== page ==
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IOWA CITY — Mike Riley didn't pull any punches in his postgame remarks after Iowa bullied No. 16 Nebraska to a 40-10 win on Senior Night at Kinnick Stadium.
Riley isn't a fire-and-brimstone kind of guy, so don't get that idea. But there was no sugarcoating a performance that finishes what once was a promising-looking regular season with a whimper. Iowa controlled the line of scrimmage, frustrated a still-hobbled Tommy Armstrong and left the Huskers' head coach shrugging his shoulders in bewilderment of how it went as wrong as it did.
'It all kind of failed today. It was really disappointing on every level,' Riley said. 'We had our chances, and certainly could've done better offensively. It's almost a shame I ever talked about how explosive plays affect games, because it was just the opposite of what we needed to do to win this game. We gave up big plays. We didn't sustain anything.
'A lot of stuff we had been decent at didn't look great. I'm really disappointed all the way around in all of us, in all the parts.'
Iowa caught Nebraska on three explosive plays, and two more chunk plays overall on offense — two of which went for touchdowns of 75 yards or more, and the other a 56-yard run that set up a touchdown.
On the 77-yard touchdown pass from C.J. Beathard to Riley McCarron, the Nebraska defenders were left with just one player to chase the wide receiver down the right sideline, as he broke free of the Husker covering him. On the 75-yard touchdown run from Akrum Wadley, the junior running back made two hard cuts, the second of which left Nebraska linebacker Josh Banderas flailing and on the turf, grabbing nothing but air. On the 56-yard rush from LeShun Daniels, the Iowa offensive line created a gap for the senior running back to hit, and when he did, only Nebraska safety Nathan Gerry running him down saved a touchdown.
Those plays, and a few others, left a pretty obvious — if not incredibly frustrating — explanation from Riley.
'We lost leverage on the football badly. In other words, we overran it,' Riley said. 'At least two guys on the second long run ran past the ball. A guy cuts back and there's nobody there. So it obviously has to do with keeping the ball in front of you with leverage so you can make a play and not allow the cutback. Then, obviously, from there it has to do with pursuit angles from everybody else. But there looked like there was nobody left. We got cut off, cut back, lost leverage and it was three big plays.'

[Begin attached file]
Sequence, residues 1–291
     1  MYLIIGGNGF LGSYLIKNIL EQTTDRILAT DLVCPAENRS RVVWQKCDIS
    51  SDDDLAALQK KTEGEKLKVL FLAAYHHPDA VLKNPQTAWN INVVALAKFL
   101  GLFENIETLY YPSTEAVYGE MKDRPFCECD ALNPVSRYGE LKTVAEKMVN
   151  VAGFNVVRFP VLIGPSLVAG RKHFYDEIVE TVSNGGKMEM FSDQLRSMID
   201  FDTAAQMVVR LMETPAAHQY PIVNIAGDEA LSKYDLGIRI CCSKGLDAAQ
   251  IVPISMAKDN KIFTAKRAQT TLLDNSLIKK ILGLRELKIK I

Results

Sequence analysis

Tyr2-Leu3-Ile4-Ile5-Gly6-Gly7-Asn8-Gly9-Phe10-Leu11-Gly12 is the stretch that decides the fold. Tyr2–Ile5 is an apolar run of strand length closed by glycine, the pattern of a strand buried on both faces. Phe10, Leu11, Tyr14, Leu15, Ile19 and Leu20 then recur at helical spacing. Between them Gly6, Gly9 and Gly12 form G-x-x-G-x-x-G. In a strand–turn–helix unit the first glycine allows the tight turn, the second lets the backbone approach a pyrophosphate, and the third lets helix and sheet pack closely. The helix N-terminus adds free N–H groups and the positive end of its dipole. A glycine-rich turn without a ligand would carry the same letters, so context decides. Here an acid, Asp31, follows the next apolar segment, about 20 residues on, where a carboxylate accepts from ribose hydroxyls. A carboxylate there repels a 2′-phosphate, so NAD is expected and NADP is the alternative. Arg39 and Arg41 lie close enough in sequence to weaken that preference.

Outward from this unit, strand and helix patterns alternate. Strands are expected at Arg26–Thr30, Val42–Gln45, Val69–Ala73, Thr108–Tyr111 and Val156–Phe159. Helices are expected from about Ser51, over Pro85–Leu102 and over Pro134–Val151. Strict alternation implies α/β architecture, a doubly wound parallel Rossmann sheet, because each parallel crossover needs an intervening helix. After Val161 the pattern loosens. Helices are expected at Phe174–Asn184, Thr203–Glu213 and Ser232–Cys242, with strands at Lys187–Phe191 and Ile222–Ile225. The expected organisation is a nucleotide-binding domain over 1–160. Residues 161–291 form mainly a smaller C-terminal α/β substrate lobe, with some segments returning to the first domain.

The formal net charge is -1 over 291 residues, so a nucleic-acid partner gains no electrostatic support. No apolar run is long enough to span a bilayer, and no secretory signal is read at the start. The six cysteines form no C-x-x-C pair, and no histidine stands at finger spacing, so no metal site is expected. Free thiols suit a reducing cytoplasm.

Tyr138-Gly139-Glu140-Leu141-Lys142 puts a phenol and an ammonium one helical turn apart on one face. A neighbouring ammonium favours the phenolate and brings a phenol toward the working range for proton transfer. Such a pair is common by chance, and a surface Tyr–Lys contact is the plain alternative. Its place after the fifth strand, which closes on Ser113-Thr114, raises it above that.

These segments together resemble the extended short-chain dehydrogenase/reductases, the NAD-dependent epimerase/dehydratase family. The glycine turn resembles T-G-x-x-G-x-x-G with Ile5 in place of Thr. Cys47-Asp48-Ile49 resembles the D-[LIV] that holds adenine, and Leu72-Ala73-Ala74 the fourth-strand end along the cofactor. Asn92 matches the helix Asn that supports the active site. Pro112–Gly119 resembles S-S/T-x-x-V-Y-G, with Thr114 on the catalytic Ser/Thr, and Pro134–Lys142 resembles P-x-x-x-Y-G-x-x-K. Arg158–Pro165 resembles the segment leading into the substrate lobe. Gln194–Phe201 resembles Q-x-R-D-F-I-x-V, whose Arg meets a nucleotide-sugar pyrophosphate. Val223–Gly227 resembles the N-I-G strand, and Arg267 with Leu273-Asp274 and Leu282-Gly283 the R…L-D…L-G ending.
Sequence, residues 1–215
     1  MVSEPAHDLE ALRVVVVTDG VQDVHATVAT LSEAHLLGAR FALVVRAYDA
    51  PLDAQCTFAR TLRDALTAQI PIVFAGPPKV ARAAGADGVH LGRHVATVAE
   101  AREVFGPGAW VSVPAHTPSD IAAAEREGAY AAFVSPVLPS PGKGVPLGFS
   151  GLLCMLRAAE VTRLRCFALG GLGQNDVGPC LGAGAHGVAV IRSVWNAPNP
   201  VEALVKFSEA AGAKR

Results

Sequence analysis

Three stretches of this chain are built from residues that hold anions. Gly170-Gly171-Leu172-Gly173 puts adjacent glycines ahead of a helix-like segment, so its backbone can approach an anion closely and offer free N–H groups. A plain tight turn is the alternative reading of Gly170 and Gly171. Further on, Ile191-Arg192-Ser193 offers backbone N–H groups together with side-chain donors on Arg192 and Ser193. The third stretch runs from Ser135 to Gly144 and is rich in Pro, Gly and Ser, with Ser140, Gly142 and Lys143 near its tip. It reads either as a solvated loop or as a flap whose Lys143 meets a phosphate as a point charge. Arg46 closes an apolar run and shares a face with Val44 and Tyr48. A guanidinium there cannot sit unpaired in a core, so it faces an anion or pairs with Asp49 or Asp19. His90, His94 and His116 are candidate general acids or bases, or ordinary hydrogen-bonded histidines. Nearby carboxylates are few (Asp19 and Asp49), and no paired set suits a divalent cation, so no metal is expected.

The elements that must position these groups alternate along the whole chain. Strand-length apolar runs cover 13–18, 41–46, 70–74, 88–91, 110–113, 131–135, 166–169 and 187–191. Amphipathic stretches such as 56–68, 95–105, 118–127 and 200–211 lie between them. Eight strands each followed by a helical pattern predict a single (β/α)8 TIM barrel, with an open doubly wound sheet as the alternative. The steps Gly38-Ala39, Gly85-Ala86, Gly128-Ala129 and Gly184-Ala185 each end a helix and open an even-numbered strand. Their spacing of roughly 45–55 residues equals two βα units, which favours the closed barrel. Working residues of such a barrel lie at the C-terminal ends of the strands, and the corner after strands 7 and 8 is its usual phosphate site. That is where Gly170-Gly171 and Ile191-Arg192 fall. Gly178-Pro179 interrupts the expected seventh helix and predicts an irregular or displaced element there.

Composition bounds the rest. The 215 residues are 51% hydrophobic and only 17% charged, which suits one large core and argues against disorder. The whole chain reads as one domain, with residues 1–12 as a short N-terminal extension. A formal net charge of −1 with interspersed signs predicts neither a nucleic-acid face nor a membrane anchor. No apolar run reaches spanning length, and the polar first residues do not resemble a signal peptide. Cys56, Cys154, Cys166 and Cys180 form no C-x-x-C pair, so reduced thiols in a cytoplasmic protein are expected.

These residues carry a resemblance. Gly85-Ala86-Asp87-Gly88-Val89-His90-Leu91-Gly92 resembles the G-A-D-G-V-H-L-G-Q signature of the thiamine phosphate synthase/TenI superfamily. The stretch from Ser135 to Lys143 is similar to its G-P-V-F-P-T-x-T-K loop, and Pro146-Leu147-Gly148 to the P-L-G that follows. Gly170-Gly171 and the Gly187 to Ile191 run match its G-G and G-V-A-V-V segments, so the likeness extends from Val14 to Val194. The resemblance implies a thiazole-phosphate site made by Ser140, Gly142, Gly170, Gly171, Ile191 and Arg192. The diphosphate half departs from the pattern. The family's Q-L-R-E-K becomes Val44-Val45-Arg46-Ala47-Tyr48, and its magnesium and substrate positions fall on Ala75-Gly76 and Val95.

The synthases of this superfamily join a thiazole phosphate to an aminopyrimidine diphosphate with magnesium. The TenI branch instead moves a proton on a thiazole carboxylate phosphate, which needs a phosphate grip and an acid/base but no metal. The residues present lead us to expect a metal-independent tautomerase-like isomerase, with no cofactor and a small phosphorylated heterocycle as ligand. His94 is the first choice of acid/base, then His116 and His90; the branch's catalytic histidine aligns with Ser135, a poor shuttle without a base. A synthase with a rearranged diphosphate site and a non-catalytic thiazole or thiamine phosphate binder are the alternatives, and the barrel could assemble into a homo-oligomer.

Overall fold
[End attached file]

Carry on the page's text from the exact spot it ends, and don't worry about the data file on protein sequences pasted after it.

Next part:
Gerry saw that too, but put it more on what Nebraska didn't do than what the Hawkeyes did.
The senior safety said 'by no means were they as good as the score. I don't think they were 40 points better, 30 points better or whatever the hell the score was. But we lost.'
Iowa exploited open gaps all game long to the tune of 264 rushing yards.
On the flip side, the Hawkeyes' defense pressured Armstrong, and never allowed the Huskers to find a rhythm running the ball. Armstrong played despite a still-injured hamstring that he thought was good to go before the game.
He found out pretty quickly it wasn't.
'As we got into the game, we started doing more and more, and I think my leg started giving out on me,' Armstrong said. 'I got hit that first time and it was a reality check that, 'Oh man, this might be a long game.' I did as much as I could when I had to run, here and there. I got what I could. With a hamstring, it's just so iffy when it comes to playing, being out there and not knowing exactly how much you can do.'
Riley didn't pin all of Nebraska's offensive woes on Armstrong's limitations, saying 'we certainly can't come close to using that as a reason or an excuse.'
He said this week last year's game left them with a direction in which they believed they wanted to go. What'd they learn this year? Well, the entire answer to that is to be determined.
'We certainly got beat in most, all phases tonight, so we'll have to take it back and look at it and see how we can improve,' Riley said. 'Well, we certainly didn't look like (we were prepared). All we can do is go by what was absolutely tangible and we got beat in all the phases of the game. We're all responsible for that.'
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